Learning About Neotropical Migratory Birds

The Chattooga Conservancy monitors the springtime arrival of early neotropical migrant birds.  On Friday, April 28th interested citizens will have the opportunity to spend time in the field with expert birder Jack Johnston observing early arrivals of migratory birds from the tropics.  The species observed will represent birds that have spent the winter beyond the borders of the United States.  These small creatures must make the trip south in the fall, and back again in the spring.  This strategy allows the birds to have less competition when nesting, and to have a winter food supply in the tropics.

The ability of each bird species to continue this pattern requires that suitable winter habitat continues to exist, and nesting sites are available in our neck of the woods.  With many neotropical migrants such as warblers, an undisturbed forest without canopy gaps is required.  Once the forest is fragmented with roads and clearings, these birds cannot use it.  Other neotropical migrants locate their nests on branches above streams in Rabun County.  This may offer some protection from predators, as well as place the birds near an insect food supply.  Some neotropical birds require brushy habitat, and others require mature forests with heavy shade.  The overlap of nesting territories of different species indicates that their food requirements are sufficiently different to allow different species of birds to occupy part of the same space.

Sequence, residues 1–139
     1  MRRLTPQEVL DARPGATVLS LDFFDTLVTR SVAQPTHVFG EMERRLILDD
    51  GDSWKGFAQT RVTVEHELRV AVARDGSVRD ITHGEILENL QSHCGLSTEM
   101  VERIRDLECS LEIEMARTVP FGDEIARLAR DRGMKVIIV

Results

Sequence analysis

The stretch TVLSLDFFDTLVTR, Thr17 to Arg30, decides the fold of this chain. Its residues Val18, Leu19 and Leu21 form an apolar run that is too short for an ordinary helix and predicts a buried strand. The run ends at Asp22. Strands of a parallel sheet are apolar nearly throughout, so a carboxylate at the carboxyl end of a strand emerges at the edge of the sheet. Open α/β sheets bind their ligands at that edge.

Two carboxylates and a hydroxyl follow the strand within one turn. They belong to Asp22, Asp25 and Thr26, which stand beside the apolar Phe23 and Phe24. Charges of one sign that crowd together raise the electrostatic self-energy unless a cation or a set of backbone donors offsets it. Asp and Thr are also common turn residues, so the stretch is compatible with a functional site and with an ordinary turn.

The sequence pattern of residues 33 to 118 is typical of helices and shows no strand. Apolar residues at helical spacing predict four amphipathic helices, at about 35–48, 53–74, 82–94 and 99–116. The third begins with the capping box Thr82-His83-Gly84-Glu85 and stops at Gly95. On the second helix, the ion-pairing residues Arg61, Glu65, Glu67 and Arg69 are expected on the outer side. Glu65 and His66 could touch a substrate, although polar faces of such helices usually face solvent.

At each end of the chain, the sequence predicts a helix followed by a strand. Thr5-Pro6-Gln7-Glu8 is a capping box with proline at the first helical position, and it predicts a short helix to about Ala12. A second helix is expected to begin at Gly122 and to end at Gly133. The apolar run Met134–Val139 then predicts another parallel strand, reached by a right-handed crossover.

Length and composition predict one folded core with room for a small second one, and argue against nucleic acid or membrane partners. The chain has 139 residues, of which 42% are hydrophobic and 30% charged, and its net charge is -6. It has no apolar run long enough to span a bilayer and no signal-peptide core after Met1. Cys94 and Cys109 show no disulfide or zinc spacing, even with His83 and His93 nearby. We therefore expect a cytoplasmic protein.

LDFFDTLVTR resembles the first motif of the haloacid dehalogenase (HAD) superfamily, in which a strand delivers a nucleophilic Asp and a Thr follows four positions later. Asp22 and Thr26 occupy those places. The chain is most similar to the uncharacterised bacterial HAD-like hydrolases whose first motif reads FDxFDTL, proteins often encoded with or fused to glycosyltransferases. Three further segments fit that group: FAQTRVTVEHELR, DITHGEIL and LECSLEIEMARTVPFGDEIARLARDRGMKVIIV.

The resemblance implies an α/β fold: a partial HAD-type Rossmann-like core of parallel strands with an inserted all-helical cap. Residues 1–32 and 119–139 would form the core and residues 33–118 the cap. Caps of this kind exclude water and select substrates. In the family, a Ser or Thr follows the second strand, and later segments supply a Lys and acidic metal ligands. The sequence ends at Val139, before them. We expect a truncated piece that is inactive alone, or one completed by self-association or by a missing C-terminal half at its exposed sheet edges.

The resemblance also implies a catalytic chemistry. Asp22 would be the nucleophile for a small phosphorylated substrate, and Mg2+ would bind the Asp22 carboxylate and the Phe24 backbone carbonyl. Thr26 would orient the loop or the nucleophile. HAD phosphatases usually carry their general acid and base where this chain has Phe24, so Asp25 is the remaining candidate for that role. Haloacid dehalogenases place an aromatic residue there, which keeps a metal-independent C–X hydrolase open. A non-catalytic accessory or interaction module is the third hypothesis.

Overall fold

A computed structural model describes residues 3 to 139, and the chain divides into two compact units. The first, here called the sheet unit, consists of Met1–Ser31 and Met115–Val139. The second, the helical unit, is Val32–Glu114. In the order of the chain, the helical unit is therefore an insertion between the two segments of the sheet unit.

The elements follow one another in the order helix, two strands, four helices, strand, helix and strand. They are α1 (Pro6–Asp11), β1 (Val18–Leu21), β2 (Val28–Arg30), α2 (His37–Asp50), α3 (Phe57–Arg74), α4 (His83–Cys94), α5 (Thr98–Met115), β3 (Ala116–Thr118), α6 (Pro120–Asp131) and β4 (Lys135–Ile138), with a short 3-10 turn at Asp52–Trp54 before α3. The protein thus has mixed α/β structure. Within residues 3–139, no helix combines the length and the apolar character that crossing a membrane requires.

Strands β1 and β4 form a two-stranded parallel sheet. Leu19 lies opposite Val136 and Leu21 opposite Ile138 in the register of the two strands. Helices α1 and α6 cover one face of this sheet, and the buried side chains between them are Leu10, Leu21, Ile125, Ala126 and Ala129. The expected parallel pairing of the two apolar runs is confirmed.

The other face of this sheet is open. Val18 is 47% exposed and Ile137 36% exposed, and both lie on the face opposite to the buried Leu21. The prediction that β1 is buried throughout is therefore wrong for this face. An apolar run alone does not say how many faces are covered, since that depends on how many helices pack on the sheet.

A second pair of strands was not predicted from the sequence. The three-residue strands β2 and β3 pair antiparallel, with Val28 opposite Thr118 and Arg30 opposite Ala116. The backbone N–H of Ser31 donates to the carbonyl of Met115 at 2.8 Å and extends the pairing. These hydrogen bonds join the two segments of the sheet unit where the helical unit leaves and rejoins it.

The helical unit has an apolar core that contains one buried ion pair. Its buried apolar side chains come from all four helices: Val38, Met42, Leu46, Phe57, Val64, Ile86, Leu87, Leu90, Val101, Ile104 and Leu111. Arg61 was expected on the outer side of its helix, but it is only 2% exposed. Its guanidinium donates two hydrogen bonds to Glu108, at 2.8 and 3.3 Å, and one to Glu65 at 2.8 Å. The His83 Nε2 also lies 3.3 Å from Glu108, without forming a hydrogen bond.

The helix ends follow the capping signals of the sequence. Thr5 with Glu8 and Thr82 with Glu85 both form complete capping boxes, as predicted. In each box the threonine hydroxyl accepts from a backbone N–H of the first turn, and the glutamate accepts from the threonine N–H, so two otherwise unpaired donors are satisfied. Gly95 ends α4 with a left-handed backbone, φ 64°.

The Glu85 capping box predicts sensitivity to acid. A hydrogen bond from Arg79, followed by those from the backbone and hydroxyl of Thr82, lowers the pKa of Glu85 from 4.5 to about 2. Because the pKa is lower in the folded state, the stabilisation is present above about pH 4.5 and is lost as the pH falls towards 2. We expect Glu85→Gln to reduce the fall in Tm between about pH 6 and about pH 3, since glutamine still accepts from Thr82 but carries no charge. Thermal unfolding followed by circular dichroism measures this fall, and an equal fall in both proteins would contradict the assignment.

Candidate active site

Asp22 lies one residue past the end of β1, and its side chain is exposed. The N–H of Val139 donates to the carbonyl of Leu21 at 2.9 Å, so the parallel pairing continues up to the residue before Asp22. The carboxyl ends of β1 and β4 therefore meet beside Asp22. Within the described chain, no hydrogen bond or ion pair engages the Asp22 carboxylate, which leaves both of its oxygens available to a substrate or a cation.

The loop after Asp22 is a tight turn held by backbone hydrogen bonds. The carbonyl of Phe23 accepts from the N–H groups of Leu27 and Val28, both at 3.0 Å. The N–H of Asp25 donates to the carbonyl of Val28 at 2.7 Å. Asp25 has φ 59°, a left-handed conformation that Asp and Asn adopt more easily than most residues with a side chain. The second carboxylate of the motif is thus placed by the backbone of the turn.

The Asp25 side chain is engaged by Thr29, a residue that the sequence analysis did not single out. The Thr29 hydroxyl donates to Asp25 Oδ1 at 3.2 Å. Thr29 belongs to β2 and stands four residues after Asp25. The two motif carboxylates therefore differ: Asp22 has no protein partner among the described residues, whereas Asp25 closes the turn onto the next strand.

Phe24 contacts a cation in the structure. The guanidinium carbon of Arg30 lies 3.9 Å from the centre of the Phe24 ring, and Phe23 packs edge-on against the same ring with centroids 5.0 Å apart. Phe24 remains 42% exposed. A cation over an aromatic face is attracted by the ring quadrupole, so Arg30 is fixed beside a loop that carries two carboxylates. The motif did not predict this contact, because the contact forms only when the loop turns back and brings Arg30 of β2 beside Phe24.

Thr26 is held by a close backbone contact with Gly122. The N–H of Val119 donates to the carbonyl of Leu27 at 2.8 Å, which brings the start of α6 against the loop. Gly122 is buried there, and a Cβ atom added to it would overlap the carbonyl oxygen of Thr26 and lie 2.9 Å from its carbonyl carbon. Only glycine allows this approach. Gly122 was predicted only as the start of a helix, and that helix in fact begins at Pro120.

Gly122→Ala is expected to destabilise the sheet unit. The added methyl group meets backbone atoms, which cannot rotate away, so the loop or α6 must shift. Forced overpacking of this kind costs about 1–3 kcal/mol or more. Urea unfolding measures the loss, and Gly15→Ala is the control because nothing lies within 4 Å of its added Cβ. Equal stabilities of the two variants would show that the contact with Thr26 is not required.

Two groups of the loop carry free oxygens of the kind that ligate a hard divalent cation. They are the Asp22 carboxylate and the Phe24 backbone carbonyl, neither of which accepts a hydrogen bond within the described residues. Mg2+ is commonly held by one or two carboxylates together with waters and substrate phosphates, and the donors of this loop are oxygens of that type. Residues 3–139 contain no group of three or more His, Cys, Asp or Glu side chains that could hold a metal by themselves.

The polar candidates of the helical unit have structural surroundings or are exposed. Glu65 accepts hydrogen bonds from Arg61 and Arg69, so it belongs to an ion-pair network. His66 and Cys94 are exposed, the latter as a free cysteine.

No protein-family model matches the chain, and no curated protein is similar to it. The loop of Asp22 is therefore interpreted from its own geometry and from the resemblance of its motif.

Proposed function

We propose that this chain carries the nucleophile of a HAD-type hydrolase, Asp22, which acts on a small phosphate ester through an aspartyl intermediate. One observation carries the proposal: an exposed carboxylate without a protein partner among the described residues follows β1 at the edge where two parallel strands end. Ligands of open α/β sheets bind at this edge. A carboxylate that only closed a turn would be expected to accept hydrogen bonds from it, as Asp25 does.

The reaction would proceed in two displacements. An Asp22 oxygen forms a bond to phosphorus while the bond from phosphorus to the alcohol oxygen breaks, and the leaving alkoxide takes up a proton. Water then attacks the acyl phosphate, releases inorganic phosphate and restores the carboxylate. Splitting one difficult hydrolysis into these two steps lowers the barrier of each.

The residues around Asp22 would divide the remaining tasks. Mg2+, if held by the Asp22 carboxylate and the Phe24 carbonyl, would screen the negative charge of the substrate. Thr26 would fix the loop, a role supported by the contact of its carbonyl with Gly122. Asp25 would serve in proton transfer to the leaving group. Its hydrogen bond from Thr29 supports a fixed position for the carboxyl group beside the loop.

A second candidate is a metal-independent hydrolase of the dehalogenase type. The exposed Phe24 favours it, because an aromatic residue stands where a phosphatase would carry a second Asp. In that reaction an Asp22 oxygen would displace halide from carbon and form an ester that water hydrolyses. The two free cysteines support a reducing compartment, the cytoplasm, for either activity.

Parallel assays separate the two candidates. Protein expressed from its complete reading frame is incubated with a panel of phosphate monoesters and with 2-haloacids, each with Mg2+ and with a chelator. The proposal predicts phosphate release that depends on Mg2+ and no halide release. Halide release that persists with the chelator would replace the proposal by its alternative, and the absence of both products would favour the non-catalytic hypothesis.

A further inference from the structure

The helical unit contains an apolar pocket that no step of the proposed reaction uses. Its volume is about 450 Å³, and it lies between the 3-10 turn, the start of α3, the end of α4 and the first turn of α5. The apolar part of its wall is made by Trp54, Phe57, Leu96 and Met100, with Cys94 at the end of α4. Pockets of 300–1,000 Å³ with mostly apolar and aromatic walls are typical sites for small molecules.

On the morning walk, the group will use binoculars and sound identification to monitor the birds present.  The trip leader, Jack Johnston, has spent 30 years as a volunteer conducting summer bird surveys for the U. S. Fish and Wildlife Service.  The requirement for this monitoring is that birds must be identified by sound.  Over many years, through volunteer monitoring effort such as this, trends in bird populations become evident as some species become more numerous and many do not.  Overall, field observations are showing that there has been a decline in the number of neotropical migratory birds.  However, through concerted efforts at habitat conservation and restoration, this trend could possibly be slowed, or even reversed.

The grassroots efforts of the Chattooga Conservancy offer local interested people opportunities to participate in the conservation issues relating to protecting, promoting, and restoring the natural and human environment in the Chattooga River watershed.  Come join us and expert birder Jack Johnston on this season’s bird walk, which will meet in the Ingles parking lot on Highway 441 in Clayton, at 8 a.m. sharp.  Bring your binoculars!